Washington Editor

Discovery Partners International Inc. won a multiyear contract worth up $24 million from the National Institutes of Health to set up and maintain a small-molecule repository as part of the government's "roadmap" for medical research in the 21st century.

The repository will provide public-sector biomedical researchers access to hundreds of thousands of small organic molecules, which can be used as chemical probes to study cellular pathways in greater depth. Indeed, the project is part of a plan devised to accelerate medical research progress in drug discovery.

Established by NIH Director Elias Zerhouni and his staff, the roadmap is an outgrowth of the Human Genome Project. It focuses on new pathways to discovery, research teams of the future and re-engineering the clinical research enterprise.

Riccardo Pigliucci, Discovery Partners' (DPI) chairman and CEO, said his firm won the contract because DPI is one of a few companies with an understanding of what it means to manage millions of compounds.

DPI, a San Diego-based firm, sells tools and services to support the drug discovery and development processes. Specifically, the company offers services like target characterization, targeted and screening library design and synthesis, high-throughput and high-content screening, lead generation and optimization, gene-expression analysis and protein crystallization.

"We are in the business of doing high-throughput screening, and we have our own collection of about a million compounds," Pigliucci told BioWorld Today. "We have the capability both on the chemistry side and the logistics side, as well as in purifying, analyzing, replenishing the collection and obviously the ability to help coordinate - a major job in the contract - which kinds of compounds are going to be procured for development both internally or in the commercial world."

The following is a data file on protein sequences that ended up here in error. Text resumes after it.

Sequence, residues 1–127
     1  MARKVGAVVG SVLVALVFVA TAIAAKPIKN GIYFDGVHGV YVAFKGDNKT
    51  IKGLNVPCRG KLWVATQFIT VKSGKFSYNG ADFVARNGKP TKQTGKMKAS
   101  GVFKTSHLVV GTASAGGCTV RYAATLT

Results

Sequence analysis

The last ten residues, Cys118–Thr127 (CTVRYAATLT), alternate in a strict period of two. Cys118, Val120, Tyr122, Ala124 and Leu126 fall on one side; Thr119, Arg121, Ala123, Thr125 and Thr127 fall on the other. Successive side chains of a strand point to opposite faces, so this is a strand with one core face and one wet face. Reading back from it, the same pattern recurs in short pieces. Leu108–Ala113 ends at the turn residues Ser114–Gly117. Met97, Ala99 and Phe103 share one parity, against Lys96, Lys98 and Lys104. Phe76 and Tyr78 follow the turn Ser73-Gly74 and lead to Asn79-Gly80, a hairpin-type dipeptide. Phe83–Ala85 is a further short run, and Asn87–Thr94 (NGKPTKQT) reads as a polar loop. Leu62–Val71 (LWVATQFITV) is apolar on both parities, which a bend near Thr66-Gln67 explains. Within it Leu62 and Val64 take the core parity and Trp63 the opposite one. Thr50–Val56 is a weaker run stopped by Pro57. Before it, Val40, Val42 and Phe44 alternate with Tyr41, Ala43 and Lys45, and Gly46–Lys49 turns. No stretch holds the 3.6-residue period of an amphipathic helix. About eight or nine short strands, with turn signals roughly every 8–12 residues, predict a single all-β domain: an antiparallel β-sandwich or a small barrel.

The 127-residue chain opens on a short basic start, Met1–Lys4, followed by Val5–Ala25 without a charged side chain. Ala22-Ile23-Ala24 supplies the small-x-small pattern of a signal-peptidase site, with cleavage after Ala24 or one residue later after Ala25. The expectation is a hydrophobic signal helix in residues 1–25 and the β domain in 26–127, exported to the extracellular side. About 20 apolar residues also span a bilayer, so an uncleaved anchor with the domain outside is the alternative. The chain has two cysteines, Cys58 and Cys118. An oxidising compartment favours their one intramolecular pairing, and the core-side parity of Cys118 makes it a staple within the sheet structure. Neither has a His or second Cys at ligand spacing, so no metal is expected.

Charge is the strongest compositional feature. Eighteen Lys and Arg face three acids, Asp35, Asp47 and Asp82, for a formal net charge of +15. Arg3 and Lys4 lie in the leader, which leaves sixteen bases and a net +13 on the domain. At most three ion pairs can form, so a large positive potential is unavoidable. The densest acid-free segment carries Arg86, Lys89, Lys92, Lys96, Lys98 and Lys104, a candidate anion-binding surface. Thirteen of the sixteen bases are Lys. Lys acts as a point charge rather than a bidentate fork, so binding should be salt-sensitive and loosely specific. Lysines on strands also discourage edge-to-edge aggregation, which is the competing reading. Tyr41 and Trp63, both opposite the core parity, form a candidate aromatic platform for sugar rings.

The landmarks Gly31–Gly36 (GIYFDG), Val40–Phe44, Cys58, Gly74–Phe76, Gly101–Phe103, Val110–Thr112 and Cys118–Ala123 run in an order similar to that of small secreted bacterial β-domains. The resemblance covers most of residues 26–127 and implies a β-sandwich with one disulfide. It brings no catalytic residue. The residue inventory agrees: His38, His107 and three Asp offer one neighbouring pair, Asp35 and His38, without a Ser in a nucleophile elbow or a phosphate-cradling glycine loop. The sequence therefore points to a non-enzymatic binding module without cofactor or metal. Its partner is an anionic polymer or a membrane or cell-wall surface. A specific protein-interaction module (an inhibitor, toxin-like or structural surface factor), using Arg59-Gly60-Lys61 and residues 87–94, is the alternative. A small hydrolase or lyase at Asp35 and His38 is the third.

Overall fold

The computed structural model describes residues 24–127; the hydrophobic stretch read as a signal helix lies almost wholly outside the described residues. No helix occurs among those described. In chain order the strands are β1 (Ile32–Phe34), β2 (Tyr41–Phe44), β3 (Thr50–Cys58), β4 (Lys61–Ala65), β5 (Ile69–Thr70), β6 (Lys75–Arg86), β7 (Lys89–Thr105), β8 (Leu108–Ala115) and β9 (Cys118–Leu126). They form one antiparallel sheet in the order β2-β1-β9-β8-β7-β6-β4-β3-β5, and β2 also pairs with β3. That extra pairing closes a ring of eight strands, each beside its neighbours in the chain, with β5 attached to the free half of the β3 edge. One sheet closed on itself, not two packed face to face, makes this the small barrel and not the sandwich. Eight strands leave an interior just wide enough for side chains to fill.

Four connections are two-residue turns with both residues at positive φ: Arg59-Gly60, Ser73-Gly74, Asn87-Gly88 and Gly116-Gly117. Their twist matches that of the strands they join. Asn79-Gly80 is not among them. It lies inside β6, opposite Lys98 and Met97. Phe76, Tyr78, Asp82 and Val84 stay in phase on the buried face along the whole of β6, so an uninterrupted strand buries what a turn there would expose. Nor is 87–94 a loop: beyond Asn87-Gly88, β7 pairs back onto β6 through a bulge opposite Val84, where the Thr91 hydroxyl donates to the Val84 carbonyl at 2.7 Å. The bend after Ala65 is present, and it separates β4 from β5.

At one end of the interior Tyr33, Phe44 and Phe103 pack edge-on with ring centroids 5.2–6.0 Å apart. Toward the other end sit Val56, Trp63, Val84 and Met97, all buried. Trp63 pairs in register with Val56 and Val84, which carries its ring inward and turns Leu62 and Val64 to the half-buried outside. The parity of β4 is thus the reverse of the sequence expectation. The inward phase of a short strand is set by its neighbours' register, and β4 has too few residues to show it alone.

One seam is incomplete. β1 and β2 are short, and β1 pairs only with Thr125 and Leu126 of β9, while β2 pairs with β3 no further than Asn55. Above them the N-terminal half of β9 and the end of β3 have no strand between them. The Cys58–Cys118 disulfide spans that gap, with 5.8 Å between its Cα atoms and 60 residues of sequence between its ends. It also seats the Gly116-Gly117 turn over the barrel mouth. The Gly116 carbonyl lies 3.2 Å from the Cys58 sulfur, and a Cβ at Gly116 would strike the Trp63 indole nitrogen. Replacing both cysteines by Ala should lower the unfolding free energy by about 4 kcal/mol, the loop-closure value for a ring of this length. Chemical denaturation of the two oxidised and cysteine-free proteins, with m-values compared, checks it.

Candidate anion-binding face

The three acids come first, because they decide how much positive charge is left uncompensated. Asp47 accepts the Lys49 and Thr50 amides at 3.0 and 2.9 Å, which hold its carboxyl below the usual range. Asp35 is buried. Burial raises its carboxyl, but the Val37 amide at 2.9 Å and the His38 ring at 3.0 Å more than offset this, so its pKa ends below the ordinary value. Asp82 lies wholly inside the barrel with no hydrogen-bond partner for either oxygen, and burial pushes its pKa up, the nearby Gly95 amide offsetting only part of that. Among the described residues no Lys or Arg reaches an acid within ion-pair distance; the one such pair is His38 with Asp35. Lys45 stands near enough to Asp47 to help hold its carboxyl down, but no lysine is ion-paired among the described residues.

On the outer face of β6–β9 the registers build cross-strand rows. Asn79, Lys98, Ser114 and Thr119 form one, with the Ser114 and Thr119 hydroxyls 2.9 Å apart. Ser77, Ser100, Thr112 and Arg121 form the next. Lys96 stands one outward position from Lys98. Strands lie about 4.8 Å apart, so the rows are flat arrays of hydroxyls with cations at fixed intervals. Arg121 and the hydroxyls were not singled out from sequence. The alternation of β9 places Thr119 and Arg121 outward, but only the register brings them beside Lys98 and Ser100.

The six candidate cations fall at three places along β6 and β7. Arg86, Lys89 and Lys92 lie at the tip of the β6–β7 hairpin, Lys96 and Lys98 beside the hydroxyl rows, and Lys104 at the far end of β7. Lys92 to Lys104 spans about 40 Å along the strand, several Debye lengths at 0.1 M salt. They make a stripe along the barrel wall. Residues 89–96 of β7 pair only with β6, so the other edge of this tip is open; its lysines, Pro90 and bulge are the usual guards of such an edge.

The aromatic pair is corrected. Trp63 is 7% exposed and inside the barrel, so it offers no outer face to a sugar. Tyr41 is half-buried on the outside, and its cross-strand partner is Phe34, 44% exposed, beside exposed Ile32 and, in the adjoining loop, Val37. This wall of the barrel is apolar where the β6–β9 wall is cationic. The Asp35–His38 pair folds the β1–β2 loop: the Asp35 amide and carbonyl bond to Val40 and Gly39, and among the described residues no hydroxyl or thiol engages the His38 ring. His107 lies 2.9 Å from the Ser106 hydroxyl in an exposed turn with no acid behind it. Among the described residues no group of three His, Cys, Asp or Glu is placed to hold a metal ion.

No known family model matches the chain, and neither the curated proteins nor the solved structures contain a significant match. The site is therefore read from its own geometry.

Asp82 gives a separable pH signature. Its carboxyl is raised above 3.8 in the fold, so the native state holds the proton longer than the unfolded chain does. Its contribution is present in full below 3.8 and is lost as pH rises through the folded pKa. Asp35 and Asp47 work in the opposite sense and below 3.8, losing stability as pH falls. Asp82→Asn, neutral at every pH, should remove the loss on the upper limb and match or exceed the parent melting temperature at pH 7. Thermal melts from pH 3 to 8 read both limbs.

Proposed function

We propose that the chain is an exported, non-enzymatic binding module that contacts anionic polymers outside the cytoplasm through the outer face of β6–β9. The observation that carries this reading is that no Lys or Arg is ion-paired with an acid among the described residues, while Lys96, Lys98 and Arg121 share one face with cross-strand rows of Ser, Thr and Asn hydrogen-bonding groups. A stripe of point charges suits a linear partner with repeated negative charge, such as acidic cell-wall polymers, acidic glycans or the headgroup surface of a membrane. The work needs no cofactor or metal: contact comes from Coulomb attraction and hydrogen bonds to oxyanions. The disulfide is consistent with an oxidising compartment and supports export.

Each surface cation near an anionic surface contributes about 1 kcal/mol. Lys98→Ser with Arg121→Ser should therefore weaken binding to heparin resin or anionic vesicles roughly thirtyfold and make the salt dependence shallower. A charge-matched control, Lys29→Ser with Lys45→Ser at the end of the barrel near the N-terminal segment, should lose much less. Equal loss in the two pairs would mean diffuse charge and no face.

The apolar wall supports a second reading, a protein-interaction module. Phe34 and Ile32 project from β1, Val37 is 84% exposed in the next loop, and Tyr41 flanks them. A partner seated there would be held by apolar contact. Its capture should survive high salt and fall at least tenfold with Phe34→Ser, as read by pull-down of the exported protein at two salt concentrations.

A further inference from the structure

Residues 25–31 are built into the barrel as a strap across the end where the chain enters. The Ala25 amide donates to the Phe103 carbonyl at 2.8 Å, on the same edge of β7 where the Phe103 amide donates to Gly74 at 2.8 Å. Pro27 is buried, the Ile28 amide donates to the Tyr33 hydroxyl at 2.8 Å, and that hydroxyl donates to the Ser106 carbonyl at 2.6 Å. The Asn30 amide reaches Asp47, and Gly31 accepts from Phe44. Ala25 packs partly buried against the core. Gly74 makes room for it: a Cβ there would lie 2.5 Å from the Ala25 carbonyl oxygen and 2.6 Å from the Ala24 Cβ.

The contract runs through December 2008 and carries an option to extend, provided funds are available. Pigliucci expects the project to make up about 10 percent of the firm's annual revenues. DPI revenues for 2003 totaled $50 million, he said.

The repository will be located at DPI's chemistry division in San Francisco.

Meanwhile, DPI has had marked successes in partnerships with firms like Pfizer Inc., of New York.

Earlier this year, the partners extended an agreement originally signed in 2001, calling for DPI to deliver to Pfizer a range of pharmaceutically relevant chemical compounds for Pfizer's exclusive use. The deal gave Pfizer access to DPI's capability to prepare and deliver follow-up libraries that are designed using the results of Pfizer's high-throughput screening.

From Jan. 1, 2002, to Dec. 31, 2003, about $48 million of DPI's revenue was obtained from Pfizer. As a result of the renewed contract signed in February, revenue from Pfizer over the next two years is expected to be at least $43 million to $46 million with at least 50 percent of that in 2004.

DPI's stock (NASDAQ:DPII) was up 14 cents Monday to close at $4.44.

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